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Acad Radiol. Author manuscript; available in PMC 2010 August 16.

Published in final edited form as:

PMCID: PMC2921911

NIHMSID: NIHMS223325

Departments of Computer & Information Sciences & Engineering (F.W., B.C.V.), and Neurology (S.J.E.), Room No. E319, CISE Building, P.O. Box 116120, University of Florida, Gainesville, FL 32611.

The publisher's final edited version of this article is available at Acad Radiol

See commentary "Advances in radiologic image analysis from MICCAI 2005." in *Acad Radiol*, volume 13 on page 1053.

See other articles in PMC that cite the published article.

Segmentation of anatomic structures from magnetic resonance brain scans can be a daunting task because of large inhomogeneities in image intensities across an image and possible lack of precisely defined shape boundaries for certain anatomical structures. One approach that has been quite popular in the recent past for these situations is the atlas-based segmentation. The atlas, once constructed, can be used as a template and can be registered nonrigidly to the image being segmented thereby achieving the desired segmentation. The goal of our study is to segment these structures with a registration assisted image segmentation technique.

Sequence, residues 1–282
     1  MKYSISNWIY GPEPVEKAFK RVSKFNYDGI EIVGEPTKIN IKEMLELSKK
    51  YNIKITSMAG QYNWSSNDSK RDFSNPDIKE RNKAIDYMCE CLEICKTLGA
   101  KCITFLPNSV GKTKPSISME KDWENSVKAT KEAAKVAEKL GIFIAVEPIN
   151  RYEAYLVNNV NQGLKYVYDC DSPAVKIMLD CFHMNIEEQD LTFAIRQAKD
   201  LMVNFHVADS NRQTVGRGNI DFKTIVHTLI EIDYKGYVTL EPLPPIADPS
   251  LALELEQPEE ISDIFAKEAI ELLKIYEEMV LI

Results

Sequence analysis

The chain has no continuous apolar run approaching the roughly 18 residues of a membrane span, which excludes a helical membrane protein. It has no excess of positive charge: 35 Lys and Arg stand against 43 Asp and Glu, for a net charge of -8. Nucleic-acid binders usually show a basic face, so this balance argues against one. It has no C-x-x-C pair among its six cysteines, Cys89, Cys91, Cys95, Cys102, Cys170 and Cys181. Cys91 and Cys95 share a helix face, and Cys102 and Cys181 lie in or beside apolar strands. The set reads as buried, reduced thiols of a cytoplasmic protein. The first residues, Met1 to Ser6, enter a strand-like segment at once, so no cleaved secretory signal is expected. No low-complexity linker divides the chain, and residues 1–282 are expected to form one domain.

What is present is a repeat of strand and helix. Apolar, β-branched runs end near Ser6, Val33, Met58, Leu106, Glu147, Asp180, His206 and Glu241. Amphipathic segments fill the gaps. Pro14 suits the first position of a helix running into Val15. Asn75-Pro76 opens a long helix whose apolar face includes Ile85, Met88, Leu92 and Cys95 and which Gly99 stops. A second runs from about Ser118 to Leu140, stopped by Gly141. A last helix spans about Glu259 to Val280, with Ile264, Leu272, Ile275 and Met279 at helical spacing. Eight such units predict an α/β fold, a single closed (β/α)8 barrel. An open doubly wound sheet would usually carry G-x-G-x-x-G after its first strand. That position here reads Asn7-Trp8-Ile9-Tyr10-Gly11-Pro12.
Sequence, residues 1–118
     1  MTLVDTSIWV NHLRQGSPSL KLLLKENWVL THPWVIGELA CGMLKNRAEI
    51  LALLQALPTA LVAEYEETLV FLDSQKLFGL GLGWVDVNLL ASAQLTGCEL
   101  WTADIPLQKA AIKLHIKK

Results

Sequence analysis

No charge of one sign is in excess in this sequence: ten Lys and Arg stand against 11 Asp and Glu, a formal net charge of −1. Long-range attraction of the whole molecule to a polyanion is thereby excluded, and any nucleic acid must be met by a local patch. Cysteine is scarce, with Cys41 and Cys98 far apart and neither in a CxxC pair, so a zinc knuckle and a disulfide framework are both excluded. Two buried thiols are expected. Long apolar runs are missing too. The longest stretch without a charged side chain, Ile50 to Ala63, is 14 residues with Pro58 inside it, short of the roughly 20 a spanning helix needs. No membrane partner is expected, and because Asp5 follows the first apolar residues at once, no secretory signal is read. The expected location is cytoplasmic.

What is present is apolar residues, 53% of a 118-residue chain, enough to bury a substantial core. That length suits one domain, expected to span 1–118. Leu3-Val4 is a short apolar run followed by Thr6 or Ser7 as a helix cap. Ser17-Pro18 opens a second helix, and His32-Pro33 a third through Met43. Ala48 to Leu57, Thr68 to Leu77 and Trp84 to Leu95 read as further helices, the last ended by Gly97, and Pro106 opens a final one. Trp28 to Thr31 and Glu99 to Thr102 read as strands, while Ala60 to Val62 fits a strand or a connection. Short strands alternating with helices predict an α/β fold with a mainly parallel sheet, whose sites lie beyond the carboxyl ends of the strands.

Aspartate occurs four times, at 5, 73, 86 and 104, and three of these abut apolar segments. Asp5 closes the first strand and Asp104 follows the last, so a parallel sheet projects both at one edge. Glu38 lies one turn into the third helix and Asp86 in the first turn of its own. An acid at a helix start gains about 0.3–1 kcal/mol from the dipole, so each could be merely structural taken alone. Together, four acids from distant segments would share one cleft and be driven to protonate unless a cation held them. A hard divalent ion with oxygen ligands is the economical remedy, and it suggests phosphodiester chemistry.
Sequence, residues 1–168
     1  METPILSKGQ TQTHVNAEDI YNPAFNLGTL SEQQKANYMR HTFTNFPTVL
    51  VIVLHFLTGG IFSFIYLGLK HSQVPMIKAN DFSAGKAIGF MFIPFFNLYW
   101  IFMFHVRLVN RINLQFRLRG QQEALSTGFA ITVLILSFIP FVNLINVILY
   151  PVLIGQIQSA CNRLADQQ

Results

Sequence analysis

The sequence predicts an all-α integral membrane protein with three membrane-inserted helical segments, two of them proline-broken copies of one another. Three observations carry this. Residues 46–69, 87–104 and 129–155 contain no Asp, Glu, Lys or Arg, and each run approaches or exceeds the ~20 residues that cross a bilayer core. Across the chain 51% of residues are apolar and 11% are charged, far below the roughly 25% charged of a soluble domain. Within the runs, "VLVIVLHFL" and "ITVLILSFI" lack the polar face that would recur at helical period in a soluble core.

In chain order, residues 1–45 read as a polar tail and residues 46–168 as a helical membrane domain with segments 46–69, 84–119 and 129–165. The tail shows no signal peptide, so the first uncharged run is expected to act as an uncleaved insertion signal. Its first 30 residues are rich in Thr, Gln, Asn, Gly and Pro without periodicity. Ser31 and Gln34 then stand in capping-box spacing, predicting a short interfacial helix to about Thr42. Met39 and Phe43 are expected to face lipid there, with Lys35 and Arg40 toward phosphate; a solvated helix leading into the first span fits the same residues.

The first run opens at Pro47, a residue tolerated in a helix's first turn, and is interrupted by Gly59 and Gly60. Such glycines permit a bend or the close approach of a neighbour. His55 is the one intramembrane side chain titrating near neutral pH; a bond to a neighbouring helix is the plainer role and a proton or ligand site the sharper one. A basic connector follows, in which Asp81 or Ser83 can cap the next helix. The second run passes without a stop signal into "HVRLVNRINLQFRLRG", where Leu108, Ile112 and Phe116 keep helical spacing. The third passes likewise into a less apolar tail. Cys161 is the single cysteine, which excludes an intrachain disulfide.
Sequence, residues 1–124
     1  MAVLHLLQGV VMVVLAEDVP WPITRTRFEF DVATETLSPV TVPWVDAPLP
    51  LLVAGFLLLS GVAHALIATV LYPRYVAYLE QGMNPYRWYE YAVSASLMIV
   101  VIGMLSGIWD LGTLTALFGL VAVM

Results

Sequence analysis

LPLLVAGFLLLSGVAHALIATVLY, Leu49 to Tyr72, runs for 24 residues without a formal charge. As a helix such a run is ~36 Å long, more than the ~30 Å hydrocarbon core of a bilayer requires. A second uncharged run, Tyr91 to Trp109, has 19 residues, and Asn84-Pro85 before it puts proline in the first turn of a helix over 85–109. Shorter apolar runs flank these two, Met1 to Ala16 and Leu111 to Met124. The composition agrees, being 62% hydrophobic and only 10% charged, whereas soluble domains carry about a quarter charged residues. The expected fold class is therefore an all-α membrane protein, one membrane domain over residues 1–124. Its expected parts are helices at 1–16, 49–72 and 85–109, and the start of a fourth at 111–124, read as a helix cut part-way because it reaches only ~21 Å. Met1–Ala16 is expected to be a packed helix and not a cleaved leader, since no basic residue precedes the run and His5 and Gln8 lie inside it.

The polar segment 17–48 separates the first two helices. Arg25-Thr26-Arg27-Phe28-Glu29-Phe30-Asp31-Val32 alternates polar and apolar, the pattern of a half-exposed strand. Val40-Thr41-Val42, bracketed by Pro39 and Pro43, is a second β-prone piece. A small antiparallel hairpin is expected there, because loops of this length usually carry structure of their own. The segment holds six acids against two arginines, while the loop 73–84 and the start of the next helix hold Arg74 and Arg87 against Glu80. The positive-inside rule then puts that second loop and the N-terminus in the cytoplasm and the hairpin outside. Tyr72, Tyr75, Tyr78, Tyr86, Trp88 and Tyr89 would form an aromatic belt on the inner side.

We present a novel variational formulation of the registration assisted image segmentation problem which leads to solving a coupled set of nonlinear Partial Differential Equations (PDEs) that are solved using efficient numeric schemes. Our work is a departure from earlier methods in that we can simultaneously register and segment in three dimensions and easily cope with situations where the source (atlas) and target images have very distinct intensity distributions.

We present several examples (20) on synthetic and (3) real data sets along with quantitative accuracy estimates of the registration in the synthetic data case.

The proposed atlas-based segmentation technique is capable of simultaneously achieve the nonrigid registration and the segmentation; unlike previous methods of solution for this problem, our algorithm can accommodate for image pairs having very distinct intensity distributions.